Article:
Acoustic Blues Guitar Teacher 4613 Stalworth Queensland

acoustic blues guitar instructor Stalworth Queensland 4613

 

Acoustic Blues Guitar Teacher Stalworth 4613 Queensland

From its origin in the South, the blues’ simple but expressive forms had become by the 1960s among the most significant influences on the growth of popular music throughout the United States.

Although instrumental accompaniment is almost universal in the blues, the blues is basically a a form that is vocal. Blues tunes are lyrical rather than narrative; blues vocalists are expressing feelings as opposed to telling stories. The emotion expressed is generally one of melancholy or sadness, often due to difficulties in love.

To express this musically, blues performers use vocal techniques including melisma (prolonging just one syllable across several pitches), rhythmic techniques such as syncopation, and instrumental techniques such as “choking” or bending guitar strings on the neck or using a metal slide or bottleneck to the guitar strings to create a whining, voice-like sound.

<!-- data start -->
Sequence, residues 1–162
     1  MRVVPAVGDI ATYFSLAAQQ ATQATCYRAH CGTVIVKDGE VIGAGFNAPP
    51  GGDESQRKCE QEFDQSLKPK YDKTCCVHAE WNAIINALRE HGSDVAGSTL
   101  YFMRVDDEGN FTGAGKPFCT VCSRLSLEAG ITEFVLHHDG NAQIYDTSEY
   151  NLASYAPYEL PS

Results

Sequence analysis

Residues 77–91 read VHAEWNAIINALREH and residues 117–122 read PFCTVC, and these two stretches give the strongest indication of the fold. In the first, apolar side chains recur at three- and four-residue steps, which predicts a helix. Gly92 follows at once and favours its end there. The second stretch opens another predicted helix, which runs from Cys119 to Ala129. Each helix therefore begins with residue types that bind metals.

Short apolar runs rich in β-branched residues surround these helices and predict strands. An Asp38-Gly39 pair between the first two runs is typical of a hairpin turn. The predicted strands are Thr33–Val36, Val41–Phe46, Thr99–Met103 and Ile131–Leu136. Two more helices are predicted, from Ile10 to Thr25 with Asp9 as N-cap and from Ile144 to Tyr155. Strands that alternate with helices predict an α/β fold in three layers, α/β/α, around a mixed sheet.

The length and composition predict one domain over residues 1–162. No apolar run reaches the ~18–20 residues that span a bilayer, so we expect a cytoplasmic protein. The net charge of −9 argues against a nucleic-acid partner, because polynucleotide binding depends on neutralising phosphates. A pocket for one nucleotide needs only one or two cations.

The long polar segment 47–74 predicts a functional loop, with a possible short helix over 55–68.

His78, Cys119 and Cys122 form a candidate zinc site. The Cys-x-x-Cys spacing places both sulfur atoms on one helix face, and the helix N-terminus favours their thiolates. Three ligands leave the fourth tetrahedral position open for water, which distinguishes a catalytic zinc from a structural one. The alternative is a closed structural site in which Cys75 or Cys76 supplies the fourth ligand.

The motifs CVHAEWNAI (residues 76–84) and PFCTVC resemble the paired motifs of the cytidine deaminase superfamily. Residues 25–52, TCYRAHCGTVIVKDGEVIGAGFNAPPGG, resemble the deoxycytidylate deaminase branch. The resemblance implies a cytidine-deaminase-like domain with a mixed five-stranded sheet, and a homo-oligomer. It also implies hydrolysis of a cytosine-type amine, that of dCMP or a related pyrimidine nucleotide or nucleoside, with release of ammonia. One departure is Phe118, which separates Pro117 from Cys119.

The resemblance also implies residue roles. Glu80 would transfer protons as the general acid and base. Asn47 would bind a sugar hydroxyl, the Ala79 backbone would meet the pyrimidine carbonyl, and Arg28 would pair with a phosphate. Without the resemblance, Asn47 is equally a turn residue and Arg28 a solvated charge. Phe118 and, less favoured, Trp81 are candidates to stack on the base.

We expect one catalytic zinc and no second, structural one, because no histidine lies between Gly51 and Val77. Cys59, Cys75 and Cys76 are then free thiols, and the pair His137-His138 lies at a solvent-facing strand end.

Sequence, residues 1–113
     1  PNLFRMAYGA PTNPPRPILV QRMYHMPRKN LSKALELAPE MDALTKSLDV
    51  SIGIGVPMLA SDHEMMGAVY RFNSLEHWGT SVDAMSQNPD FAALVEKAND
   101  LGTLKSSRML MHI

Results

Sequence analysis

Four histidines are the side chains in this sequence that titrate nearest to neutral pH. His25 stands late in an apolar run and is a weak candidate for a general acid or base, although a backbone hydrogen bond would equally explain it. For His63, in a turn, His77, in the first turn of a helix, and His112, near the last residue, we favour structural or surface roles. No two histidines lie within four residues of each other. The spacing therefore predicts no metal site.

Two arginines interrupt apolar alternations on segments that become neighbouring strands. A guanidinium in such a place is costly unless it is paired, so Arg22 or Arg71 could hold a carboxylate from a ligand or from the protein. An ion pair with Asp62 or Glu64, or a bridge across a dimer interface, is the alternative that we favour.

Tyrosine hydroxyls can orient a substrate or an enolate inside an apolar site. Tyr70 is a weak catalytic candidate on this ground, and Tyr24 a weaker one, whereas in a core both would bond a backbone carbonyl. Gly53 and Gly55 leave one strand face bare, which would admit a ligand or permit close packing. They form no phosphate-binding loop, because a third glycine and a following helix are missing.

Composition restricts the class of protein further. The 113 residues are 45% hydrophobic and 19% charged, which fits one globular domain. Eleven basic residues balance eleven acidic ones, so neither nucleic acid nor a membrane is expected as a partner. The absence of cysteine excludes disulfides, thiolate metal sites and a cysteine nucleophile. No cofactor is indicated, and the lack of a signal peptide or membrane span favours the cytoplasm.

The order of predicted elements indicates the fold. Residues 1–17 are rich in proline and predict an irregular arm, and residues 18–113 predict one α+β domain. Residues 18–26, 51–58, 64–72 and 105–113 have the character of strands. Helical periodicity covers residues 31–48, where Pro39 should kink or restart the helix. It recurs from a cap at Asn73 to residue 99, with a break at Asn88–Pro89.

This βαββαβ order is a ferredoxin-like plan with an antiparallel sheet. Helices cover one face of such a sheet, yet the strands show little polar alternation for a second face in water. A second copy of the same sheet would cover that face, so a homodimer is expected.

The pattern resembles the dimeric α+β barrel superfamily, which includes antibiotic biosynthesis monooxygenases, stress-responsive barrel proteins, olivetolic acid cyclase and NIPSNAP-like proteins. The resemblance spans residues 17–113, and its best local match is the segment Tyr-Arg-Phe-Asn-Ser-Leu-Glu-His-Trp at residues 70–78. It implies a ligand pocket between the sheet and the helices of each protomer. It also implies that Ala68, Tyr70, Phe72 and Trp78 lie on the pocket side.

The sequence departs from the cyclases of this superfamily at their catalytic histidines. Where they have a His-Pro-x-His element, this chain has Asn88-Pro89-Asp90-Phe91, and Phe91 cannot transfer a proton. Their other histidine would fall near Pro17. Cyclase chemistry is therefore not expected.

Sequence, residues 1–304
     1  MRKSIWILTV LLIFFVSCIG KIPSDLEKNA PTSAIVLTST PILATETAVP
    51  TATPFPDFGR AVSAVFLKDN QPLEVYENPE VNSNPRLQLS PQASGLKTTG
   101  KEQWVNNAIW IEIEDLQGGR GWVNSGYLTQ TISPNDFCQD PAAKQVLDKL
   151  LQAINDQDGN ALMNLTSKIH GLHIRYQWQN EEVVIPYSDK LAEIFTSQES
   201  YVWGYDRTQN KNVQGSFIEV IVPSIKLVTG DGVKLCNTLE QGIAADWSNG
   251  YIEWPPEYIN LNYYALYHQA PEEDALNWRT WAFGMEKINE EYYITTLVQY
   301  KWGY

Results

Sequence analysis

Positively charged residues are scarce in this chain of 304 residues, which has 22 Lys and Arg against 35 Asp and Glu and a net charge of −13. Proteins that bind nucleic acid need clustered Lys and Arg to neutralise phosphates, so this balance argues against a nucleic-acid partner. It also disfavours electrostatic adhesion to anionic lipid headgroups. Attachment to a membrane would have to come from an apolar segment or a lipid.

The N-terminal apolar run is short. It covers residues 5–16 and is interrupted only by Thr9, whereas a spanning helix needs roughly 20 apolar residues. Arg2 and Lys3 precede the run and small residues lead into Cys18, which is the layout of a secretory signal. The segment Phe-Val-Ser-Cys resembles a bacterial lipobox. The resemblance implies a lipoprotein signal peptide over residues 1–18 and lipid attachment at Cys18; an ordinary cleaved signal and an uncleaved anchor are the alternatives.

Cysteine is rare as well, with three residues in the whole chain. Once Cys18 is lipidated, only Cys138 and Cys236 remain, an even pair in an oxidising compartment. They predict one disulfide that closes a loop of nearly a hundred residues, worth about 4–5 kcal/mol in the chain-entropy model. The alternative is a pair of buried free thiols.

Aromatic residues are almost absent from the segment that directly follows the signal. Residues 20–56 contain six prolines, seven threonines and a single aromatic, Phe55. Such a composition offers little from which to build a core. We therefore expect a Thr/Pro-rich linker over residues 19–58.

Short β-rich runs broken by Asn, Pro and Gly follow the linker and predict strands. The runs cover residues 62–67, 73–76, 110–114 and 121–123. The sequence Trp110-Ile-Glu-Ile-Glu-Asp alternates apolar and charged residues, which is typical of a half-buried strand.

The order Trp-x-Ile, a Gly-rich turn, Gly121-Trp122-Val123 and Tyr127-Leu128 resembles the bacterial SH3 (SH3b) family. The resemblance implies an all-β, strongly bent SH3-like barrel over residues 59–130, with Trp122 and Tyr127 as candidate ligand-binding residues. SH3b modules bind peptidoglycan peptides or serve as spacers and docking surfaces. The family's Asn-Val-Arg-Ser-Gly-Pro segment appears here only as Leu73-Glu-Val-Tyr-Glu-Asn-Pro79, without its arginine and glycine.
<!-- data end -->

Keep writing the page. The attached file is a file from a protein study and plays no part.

Normally the first two and a half measures of each line are committed to the last measure, singing and a half consisting of an instrumental “break” that complements the vocal line, answers, or recurs.

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Acoustic Blues Guitar Teacher Queensland 4613 Stalworth.